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Let's Lens

YOW! Lambda Jam 2019

Let's Lens presents a series of exercises, in a similar format to the Data61 functional programming course material. The subject of the exercises is around the concept of lenses, initially proposed by Foster et al., to solve the view-update problem of relational databases.

The theories around lenses have been advanced significantly in recent years, resulting in a library, implemented in Haskell, called lens.

This workshop will take you through the basic definition of the lens data structure and its related structures such as traversals and prisms. Following this we implement some of the low-level lens library, then go on to discuss and solve a practical problem that uses all of these structures.

Edward Kmett

Research Engineer

Machine Intelligence Research Institute

United States

Edward spent most of his adult life trying to build reusable code in imperative languages before realizing he was building castles in sand. He converted to Haskell in 2006 while searching for better building materials. He now chairs the Haskell core libraries committee, collaborates with hundreds of other developers on over 250 projects on github, works on ways to try to better scale functional programming, logic programming and formal methods at the Machine Intelligence Research Institute, and is obsessed with finding better tools so that seven years from now he won’t be stuck solving the same problems with the same tools he was stuck using seven years ago.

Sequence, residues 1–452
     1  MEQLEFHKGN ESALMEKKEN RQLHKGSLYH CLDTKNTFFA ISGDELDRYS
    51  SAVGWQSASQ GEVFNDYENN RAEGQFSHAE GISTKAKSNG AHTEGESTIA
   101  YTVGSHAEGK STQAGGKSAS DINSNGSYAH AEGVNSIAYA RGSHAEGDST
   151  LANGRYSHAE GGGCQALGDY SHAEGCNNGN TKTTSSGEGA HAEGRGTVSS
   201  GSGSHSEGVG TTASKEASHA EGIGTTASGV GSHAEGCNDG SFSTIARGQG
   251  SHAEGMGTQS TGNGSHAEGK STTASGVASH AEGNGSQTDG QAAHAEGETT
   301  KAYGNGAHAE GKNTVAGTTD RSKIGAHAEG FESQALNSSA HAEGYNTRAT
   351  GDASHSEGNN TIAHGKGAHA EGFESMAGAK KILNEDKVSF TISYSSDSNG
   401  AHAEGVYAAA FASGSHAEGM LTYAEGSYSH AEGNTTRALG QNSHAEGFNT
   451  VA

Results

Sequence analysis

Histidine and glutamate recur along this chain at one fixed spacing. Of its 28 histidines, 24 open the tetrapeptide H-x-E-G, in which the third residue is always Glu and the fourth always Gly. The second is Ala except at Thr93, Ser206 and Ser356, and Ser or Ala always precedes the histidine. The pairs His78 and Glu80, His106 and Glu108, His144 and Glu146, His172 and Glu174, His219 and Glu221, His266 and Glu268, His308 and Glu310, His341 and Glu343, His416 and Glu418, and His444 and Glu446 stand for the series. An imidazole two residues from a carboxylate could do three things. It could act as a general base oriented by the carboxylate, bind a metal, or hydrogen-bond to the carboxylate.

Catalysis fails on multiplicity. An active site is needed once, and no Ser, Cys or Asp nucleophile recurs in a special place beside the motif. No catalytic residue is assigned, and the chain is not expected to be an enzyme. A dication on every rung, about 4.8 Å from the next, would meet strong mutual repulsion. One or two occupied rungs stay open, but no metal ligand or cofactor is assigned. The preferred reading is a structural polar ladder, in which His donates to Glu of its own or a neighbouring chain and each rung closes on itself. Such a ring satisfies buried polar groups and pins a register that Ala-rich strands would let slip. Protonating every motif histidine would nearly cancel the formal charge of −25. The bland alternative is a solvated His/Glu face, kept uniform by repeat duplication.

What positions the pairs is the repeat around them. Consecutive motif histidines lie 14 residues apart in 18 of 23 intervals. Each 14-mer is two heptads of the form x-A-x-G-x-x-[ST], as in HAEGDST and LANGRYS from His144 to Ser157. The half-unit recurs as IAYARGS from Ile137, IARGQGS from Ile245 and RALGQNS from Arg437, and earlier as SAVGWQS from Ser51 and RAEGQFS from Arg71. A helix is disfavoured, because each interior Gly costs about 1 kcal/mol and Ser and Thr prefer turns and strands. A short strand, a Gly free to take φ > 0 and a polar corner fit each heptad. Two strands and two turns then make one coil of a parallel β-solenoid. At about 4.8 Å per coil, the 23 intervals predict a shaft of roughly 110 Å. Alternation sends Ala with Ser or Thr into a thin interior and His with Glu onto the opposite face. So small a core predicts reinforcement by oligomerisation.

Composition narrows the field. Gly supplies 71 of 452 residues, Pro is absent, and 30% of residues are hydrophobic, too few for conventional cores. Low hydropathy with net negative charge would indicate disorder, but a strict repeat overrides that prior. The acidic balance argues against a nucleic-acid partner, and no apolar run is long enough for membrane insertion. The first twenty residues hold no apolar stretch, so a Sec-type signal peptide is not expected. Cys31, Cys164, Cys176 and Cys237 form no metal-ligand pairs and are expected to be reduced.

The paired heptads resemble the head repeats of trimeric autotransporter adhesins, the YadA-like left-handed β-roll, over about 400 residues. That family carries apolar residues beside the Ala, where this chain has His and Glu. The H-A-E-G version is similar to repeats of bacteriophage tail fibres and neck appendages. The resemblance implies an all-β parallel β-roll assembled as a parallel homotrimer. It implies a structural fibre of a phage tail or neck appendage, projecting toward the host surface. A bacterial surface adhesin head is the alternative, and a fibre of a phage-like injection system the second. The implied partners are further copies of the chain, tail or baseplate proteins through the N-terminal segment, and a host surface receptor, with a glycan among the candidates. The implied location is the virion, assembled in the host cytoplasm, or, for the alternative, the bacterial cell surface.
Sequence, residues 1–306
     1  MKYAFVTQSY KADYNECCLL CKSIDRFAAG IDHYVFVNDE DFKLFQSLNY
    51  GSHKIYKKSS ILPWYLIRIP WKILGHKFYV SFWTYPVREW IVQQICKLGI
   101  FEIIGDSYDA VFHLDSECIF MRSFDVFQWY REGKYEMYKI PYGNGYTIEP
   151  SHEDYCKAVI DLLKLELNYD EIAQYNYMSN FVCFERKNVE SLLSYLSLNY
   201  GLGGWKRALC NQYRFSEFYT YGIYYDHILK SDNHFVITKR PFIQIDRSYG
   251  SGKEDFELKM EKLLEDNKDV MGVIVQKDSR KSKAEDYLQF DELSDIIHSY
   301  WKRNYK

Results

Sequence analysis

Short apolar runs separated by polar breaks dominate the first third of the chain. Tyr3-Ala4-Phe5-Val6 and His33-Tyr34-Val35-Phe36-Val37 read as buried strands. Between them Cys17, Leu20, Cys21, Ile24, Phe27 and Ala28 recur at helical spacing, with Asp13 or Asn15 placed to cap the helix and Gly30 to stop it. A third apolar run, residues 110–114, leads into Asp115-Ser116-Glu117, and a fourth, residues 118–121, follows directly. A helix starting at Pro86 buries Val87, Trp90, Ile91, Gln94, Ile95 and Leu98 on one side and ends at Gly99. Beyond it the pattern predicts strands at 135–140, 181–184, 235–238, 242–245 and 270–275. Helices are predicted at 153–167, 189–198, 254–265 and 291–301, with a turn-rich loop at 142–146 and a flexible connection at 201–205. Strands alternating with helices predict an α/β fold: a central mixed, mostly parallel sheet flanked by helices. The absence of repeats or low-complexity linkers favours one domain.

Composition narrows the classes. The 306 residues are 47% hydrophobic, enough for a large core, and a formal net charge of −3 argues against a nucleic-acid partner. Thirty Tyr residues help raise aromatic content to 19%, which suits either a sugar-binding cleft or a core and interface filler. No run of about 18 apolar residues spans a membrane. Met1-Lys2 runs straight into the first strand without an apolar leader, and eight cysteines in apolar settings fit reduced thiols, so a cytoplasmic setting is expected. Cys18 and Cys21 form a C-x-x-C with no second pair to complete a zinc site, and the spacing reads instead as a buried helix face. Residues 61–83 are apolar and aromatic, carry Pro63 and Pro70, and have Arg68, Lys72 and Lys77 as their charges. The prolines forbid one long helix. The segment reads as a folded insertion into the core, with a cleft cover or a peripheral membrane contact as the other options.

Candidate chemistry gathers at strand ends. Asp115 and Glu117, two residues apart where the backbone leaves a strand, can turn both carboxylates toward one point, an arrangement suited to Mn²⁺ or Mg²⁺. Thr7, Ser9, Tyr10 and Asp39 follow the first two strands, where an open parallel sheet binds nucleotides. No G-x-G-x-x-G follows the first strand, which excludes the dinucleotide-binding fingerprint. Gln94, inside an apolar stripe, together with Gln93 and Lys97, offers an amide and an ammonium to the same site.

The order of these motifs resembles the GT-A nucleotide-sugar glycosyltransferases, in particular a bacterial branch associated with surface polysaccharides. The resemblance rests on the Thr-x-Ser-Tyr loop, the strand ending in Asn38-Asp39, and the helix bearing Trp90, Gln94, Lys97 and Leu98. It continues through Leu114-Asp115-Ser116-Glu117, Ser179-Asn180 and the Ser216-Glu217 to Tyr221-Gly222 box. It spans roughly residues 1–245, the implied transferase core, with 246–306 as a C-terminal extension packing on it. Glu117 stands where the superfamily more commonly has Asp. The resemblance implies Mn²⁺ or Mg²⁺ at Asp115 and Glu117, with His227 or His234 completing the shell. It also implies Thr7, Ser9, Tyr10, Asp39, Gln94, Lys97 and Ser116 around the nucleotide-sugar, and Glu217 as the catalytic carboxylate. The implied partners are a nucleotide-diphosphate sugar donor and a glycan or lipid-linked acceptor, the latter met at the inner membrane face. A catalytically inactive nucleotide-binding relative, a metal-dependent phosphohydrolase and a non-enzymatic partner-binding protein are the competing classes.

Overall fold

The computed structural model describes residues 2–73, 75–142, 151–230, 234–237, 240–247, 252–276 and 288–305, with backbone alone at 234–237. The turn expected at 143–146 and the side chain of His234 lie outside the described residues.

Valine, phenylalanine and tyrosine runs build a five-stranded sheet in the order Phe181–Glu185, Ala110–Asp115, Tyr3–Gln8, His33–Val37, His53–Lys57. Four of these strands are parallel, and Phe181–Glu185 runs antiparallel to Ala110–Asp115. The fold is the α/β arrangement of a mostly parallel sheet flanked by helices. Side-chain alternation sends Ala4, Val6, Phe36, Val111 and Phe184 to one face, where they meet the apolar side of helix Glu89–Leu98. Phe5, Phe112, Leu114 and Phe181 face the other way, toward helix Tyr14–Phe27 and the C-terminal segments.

Tony Morris

Software Engineer

Simple Machines

Australia

Tony has been deploying functional programming solutions for 15 years, using a variety of programming languages, but Haskell and Scala primarily.

Tony teaches functional programming at the University of Queensland and for professional programmers with a view toward producing a viable commercial result. Using a principled and passionate approach to teaching functional programming and sharing ideas, Tony enjoys exploring the consequences for software development to provide a rewarding experience for everyone involved.